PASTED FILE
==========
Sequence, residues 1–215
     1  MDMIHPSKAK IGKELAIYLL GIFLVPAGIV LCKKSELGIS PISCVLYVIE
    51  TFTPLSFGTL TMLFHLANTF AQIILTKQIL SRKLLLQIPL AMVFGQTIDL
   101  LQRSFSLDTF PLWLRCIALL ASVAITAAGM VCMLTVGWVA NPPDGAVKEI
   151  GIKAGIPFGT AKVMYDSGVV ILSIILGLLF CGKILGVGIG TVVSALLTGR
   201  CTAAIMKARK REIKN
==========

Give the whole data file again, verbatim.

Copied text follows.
Sequence, residues 1–215
     1  MDMIHPSKAK IGKELAIYLL GIFLVPAGIV LCKKSELGIS PISCVLYVIE
    51  TFTPLSFGTL TMLFHLANTF AQIILTKQIL SRKLLLQIPL AMVFGQTIDL
   101  LQRSFSLDTF PLWLRCIALL ASVAITAAGM VCMLTVGWVA NPPDGAVKEI
   151  GIKAGIPFGT AKVMYDSGVV ILSIILGLLF CGKILGVGIG TVVSALLTGR
   201  CTAAIMKARK REIKN